A recent survey of healthcare finance executives found that they will be increasingly focused on healthcare information technology and its potential to support accountable care organizations (ACOs).
These executives indicated they consider the adoption and use of healthcare IT a top concern, according to the report from FirstSource Solutions USA. Interestingly, most said that changes associated with healthcare reform were the top priority industry-wise, but less than a quarter indicated it was the highest priority for their organization in particular. Most cited meaningful use requirements and clinical or financial system conversions as their leading concern.
Additionally, most said that partnerships with ACOs should be the second-greatest concern, after healthcare reform, but fewer than 10 percent of respondents indicated that their own priorities were aligned with those industry concerns. The level of focus on clinical and financial system conversion is largely due to the push to adopt electronic health records (EHRs), which more than half of respondents say they are currently working on.
"The priorities for the industry as a whole differ from the current priorities of individual organizations right now," said Mitzi Winters of Firstsource. "This, coupled with financial system overhauls, is creating an extremely complex environment for healthcare finance executives to navigate. Healthcare reform changes have taken precedence."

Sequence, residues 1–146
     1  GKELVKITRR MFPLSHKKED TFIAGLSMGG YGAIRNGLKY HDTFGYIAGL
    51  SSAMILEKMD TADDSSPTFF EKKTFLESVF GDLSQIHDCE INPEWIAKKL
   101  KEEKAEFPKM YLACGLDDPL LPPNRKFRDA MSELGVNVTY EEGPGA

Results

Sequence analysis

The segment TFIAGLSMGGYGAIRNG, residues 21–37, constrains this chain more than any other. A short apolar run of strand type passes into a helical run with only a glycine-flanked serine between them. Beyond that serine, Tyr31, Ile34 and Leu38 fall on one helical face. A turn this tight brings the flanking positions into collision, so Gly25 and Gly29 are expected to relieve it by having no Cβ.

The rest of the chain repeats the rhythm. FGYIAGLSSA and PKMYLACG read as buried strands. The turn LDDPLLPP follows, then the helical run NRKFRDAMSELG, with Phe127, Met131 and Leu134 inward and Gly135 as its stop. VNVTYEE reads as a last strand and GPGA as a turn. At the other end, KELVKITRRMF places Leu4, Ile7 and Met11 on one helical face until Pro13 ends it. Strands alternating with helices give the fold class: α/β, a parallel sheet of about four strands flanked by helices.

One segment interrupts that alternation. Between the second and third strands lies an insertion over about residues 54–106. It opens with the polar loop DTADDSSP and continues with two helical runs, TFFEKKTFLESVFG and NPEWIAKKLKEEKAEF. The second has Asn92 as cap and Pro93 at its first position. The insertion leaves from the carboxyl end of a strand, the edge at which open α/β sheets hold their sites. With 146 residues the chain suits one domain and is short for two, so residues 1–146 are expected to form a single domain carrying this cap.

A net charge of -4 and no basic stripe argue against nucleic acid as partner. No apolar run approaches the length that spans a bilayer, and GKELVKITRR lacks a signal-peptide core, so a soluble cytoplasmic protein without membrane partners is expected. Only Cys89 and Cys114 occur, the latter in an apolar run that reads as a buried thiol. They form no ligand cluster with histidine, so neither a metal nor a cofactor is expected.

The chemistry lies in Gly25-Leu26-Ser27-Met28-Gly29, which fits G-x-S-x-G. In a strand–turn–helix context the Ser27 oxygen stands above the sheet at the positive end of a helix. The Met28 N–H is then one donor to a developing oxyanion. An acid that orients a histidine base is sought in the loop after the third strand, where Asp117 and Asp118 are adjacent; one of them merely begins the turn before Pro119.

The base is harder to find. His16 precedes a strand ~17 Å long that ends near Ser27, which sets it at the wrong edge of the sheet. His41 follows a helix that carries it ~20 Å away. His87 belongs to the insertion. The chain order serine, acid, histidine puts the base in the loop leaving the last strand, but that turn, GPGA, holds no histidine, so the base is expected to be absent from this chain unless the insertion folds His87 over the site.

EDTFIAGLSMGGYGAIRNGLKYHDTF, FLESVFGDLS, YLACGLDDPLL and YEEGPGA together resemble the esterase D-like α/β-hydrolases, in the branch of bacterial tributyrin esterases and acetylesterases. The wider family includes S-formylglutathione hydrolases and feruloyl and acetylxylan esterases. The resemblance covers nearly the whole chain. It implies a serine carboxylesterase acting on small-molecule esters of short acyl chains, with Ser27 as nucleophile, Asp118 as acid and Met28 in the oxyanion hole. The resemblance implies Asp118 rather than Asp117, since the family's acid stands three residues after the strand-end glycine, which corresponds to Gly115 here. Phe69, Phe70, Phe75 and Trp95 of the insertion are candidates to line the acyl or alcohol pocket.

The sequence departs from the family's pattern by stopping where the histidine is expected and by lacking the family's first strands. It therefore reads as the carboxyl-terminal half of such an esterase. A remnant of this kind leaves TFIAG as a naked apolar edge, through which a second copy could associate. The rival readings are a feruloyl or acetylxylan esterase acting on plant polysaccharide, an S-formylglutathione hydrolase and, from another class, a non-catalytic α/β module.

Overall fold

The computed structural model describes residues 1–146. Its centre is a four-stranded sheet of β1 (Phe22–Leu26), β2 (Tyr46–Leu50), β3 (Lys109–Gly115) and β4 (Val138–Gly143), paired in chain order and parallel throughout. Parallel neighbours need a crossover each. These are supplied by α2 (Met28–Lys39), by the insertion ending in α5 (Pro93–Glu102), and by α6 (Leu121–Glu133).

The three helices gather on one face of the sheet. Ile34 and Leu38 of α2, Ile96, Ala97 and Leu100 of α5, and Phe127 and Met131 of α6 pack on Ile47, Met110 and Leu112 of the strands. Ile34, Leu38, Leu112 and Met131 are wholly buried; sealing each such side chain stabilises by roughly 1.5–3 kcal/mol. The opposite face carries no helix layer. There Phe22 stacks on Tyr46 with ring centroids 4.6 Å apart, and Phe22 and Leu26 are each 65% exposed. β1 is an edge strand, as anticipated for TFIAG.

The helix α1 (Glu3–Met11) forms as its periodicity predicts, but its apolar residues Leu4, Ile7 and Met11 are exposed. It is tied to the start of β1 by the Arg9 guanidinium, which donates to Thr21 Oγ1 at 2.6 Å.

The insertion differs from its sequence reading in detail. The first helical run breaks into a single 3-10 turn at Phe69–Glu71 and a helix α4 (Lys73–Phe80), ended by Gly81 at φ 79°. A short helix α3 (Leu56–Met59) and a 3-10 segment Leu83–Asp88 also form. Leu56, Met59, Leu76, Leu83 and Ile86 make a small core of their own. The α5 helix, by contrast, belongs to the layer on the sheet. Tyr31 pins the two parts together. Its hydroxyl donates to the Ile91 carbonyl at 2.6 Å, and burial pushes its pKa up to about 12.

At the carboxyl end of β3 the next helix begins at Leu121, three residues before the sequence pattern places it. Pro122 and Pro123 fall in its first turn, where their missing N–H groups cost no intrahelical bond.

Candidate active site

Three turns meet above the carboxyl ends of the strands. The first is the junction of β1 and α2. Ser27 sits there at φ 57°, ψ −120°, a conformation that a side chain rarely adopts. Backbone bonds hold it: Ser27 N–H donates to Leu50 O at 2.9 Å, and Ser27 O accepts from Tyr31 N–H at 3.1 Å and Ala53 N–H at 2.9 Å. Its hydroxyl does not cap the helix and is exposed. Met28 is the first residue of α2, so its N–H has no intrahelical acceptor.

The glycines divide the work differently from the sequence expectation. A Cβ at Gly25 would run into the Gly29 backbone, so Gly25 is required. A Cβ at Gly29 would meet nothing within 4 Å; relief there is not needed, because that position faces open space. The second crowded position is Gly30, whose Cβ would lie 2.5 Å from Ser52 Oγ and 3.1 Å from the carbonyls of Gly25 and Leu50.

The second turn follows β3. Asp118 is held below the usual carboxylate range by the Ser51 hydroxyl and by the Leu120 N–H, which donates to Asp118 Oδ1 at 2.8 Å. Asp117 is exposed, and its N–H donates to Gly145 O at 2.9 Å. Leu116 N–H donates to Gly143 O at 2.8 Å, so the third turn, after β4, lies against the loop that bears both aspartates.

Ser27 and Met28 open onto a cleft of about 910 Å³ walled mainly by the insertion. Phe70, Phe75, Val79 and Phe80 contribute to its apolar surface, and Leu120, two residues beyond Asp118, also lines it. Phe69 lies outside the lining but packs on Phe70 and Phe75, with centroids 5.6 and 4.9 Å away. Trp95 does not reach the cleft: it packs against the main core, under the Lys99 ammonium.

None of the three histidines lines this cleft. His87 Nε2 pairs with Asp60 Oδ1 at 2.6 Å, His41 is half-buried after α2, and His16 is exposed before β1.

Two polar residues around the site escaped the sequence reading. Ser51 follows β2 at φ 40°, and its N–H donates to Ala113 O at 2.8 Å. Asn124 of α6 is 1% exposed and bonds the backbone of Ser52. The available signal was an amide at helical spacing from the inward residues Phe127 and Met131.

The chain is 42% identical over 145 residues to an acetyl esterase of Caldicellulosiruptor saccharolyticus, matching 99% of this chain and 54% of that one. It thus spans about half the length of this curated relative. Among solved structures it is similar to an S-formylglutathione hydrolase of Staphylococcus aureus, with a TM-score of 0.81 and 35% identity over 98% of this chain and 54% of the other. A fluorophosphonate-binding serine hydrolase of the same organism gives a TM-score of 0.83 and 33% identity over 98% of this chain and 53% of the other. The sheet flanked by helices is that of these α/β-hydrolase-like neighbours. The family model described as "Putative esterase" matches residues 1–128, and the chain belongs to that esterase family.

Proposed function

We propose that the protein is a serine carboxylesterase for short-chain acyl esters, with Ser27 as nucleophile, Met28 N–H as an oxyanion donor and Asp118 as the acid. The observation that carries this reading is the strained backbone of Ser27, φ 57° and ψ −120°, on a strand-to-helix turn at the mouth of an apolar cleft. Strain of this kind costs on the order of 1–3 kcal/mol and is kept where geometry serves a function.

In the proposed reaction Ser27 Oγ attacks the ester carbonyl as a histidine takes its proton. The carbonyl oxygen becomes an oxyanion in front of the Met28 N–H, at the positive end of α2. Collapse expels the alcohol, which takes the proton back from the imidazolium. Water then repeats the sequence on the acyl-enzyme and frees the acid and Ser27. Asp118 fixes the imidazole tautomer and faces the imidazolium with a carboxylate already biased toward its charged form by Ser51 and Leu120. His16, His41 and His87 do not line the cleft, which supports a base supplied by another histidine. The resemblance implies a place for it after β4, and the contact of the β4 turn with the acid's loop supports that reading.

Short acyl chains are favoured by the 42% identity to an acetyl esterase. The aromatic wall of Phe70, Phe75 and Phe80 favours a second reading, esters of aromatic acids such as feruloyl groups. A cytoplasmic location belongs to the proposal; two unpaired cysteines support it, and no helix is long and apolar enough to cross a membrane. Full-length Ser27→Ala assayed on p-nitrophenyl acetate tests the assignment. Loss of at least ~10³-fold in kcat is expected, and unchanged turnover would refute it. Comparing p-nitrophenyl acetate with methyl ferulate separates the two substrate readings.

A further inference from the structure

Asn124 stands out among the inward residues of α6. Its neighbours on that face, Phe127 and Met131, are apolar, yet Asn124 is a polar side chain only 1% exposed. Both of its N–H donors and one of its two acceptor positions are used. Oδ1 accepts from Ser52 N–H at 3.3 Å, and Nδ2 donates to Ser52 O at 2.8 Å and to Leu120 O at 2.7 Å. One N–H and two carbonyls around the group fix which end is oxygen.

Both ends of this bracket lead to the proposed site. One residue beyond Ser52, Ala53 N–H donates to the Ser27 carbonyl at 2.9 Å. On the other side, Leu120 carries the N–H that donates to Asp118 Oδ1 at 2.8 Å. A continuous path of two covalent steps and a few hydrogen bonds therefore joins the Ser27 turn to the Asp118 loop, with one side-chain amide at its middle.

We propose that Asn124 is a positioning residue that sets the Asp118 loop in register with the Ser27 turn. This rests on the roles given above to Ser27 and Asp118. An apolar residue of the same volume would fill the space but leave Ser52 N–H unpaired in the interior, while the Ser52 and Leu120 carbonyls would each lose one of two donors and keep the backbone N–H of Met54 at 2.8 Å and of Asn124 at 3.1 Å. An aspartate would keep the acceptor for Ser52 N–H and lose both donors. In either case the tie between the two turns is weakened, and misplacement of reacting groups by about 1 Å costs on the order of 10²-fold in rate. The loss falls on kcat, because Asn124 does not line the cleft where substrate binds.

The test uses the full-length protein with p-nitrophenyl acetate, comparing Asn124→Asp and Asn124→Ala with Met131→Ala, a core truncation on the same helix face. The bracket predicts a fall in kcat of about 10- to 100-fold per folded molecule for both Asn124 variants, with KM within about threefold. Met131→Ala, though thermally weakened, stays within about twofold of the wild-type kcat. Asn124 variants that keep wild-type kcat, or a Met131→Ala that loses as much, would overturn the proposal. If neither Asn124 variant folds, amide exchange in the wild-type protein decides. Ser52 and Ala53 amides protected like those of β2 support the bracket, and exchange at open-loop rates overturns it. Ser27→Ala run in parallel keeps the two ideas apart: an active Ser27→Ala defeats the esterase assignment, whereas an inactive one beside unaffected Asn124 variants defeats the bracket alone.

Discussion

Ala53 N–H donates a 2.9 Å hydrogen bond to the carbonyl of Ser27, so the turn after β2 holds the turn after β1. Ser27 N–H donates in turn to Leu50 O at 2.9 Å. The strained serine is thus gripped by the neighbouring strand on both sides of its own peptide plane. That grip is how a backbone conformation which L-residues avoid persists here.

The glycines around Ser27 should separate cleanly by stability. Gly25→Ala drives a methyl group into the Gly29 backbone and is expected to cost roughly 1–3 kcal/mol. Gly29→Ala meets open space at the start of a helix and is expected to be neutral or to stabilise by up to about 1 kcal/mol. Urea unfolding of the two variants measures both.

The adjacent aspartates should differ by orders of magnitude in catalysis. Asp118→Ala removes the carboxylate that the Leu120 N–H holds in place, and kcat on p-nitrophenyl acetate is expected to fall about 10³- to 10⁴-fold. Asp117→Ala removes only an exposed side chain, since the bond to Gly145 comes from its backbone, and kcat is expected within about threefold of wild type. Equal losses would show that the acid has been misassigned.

The attention being paid to healthcare reforms and ACO partnerships has increased since the U.S. Supreme Court ruling indicating the Patient Protection and Affordable Care Act (PPACA) is constitutional, which kept health reforms moving forward. Now, executives are looking to healthcare IT to help simplify administrative and financial processes so they can more effectively operate their businesses.
Healthcare IT and insurance needs
With this renewed focus on information technology, healthcare organizations must also keep in mind the increasing data security concerns associated with EHRs. The use and storage of growing amounts of information on patients means that larger amounts of that information can be compromised if an attack or accident occurs.
As organizations seek to more effectively share information, the difficulty of doing so without sacrificing security may grow further. Strong security measures may be needed to limit business liability insurance rates. Cyber attacks can cause rates to increase, in addition to the other short- and long-term consequences. Executives may wish to allocate more of their efforts to risk management practices associated with new healthcare IT.